Medical Office Intervention for Adolescent Drug Use
Behavioral: Motivational Enhancement Therapy
|Study Design:||Allocation: Randomized
Intervention Model: Parallel Assignment
Masking: Open Label
Primary Purpose: Treatment
|Official Title:||Medical Office Intervention for Adolescent Drug Use|
- Quantity and days of substance use [ Time Frame: Past 90 days ]
- DWI or RWID [ Time Frame: Past 90 days ]Driving while intoxicated or riding with an intoxicated
- Amount of completed substance use treatment [ Time Frame: Past 90 days ]
- Substance related risk behaviors [ Time Frame: Past 90 days ]
|Study Start Date:||June 2004|
|Study Completion Date:||May 2010|
|Primary Completion Date:||May 2010 (Final data collection date for primary outcome measure)|
Experimental: Motivational Enhancement Therapy
Adolescents who are randomized to the experimental intervention will attend three 60-minute counseling sessions, delivered 2-4 weeks apart. The intervention will include a structured, developmentally appropriate, approach to identification of drug- and alcohol-related risks and problems, and establishment of goals for behavioral change.
Behavioral: Motivational Enhancement Therapy
Three 60 minute counseling sessions using a structured, developmentally appropriate approach to identification of drug- and alcohol- related risks and problems, and establishment of goals for behavioral change.
Other Name: MET
No Intervention: Enhanced Standard Care
Adolescents who are randomized to Enhanced Standard Care will receive the usual care at the outpatient adolescent substance abuse program. This will include an evaluation by pediatric and mental health staff and could include treatment in a group therapy program, urine drug testing, buprenorphine replacement therapy (for those dependent on opioids), and psychopharmacology evaluation and management.
In many parts of the U.S. adolescent substance abuse treatment is scarce. Several studies have shown that brief interventions increase the likelihood of patients' completion of referrals to alcohol counseling or treatment. Other studies have shown a direct effect of brief interventions on patients' alcohol consumption. Although brief interventions have been widely recommended for adolescents, fewer studies have been conducted in this age group. If the current study confirms the effectiveness of the Motivational Enhancement Therapy approach, this will add another outpatient treatment option for adolescent patients with drug problems.
The specific aims of the project are to:
- Test the effect of the brief intervention on drug use. We hypothesize that, among 12-18 year old medical patients who use drugs, the experimental intervention (two 60-minute motivational interviewing sessions) administered by a trained clinician will be at least 25% more effective than "standard care" (assessment/referral only) in decreasing drug use as measured by a 90-day Timeline Followback (6) (TLFB) calendar.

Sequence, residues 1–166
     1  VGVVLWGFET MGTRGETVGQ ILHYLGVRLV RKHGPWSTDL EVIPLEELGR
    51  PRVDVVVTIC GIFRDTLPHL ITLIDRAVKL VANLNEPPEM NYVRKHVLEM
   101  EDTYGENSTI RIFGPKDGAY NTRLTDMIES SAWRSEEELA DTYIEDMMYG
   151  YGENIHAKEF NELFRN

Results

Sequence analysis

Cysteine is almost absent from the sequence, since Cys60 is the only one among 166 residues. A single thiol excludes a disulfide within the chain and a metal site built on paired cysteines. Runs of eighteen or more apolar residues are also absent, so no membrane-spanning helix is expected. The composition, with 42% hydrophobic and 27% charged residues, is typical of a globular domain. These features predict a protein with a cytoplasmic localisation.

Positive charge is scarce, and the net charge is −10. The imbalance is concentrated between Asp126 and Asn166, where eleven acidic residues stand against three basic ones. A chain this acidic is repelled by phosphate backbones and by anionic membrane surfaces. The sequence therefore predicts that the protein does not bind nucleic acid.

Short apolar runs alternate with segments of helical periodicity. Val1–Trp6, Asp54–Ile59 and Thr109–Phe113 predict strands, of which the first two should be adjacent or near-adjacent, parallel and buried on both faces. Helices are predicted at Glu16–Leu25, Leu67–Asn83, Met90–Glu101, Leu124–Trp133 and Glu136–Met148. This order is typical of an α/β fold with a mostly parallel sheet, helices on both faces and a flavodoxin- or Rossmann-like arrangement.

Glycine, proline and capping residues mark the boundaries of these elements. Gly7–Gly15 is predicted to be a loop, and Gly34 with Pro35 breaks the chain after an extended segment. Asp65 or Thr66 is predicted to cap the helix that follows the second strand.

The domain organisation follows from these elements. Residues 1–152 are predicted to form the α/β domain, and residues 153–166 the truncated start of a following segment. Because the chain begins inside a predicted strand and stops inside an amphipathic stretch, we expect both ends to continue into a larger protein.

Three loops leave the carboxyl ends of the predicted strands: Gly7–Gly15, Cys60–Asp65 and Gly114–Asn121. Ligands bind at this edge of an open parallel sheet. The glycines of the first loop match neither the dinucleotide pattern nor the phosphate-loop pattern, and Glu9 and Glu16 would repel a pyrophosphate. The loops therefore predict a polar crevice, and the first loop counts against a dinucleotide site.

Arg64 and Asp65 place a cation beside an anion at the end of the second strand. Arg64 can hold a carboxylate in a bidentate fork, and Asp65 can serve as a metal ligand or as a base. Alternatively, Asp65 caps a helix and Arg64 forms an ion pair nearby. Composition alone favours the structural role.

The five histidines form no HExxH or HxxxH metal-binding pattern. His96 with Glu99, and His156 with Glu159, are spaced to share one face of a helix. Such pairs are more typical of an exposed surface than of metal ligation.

- Test the effect of the brief intervention in increasing engagement in substance abuse treatment. We hypothesize that, among 12-18 year old patients who are referred to drug counseling or other treatments, the experimental intervention administered by a trained clinician will result in at least 25% more patients entering treatment compared to standard care, as measured by the numbers of patients who complete referrals to treatment providers.
- Test the effect of the intervention on other substance-related outcomes. We hypothesize that the intervention will result in similar reductions in alcohol use, as measured by the TLFB, and in driving/riding while impaired (DRWI) risks as measured by the score of a 4-item self-reported scale. Other outcomes of interest include readiness to change, school performance, and experience of other harmful consequences of substance use and associated risk behaviors.
- Identify factors that moderate and/or mediate the effect of the experimental intervention on our outcomes of interest (drug use, engagement in treatment), and estimate their effect sizes. Identifying moderating variables will help us to identify subgroups of optimal responders to the brief intervention. Based on our previous experience, we theorize that girls may respond more strongly to the intervention than boys, and that those who participate in other treatments (outpatient counseling) and/or a laboratory drug testing program will also have greater response.
Please refer to this study by its ClinicalTrials.gov identifier: NCT00229983
|United States, Massachusetts|
|Children's Hospital Boston|
|Boston, Massachusetts, United States, 02215-5737|
|Principal Investigator:||John R Knight, M.D.||Boston Children’s Hospital|